This week, October 3-9, is mental illness awareness week. According to the National Alliance on Mental Illness (NAMI), 1 in 5 American adults experiences mental illness each year, but most do not get treatment. That number means that for many businesses, somebody in your organization or at your clients' is dealing with some form of mental illness.Part of the reason that this awareness week exists is to help reduce the stigma surrounding mental illness, because that stigma can cause people to avoid seeking treatment that could actually help.
The most common mental illness class are the anxiety disorders, which affect 19.1% of the adult population, and this is followed by major depressive episodes and PTSD.
What You Can Do
As a business leader, it’s obviously not your job to be a mental health counsellor, or anything of that nature. But there are steps you can take to help your employees.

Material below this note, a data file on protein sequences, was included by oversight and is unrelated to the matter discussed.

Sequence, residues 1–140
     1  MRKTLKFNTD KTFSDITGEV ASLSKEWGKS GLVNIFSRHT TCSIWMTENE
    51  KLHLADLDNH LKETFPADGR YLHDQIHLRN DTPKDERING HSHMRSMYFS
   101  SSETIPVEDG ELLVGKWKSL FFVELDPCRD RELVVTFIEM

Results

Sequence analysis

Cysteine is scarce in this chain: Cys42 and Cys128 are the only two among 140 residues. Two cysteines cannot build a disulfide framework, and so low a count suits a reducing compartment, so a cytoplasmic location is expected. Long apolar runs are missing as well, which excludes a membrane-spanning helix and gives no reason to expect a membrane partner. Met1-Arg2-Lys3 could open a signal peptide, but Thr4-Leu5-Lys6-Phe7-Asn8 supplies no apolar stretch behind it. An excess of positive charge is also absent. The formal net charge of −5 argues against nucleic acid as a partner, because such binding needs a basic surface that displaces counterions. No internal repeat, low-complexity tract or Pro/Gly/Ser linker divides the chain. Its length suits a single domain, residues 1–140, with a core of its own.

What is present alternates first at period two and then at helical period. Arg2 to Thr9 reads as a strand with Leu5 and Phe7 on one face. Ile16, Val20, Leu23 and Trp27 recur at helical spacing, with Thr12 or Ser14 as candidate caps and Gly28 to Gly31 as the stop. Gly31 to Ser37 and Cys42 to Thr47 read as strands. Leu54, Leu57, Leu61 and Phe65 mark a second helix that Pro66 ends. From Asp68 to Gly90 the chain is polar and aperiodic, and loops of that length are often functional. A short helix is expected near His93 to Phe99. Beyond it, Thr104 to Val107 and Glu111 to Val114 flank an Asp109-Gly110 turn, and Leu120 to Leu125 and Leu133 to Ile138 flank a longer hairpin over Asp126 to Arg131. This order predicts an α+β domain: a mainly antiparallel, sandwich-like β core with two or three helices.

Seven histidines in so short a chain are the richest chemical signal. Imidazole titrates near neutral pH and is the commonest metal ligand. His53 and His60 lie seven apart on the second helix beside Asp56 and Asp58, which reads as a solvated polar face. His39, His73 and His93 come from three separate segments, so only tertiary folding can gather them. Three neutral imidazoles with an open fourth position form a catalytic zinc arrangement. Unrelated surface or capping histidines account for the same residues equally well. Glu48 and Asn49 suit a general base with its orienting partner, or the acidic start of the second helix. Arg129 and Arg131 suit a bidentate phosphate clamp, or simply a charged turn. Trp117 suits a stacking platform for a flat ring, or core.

For one, recognize that it’s not the person’s fault – nobody would choose to go that. Removing that concept of fault is a big step towards having an open dialogue and removing the stigma that surrounds mental illness.
The second thing is to be open to conversation. It’s more than just having an open door policy; being willing to listen and to work with your employees to accommodate is part of the deal. The pandemic has increased the incidence of mental health episodes, so it’s worth being aware that increased stress can make things worse for people who are otherwise awesome employees.
The third thing is the provision of support. To the extent that it’s possible to provide some amount of counselling allowance in your health plan, that can make a real difference. Mental health is part of overall health.
To learn more about Mental Illness Awareness Week, visit nami.org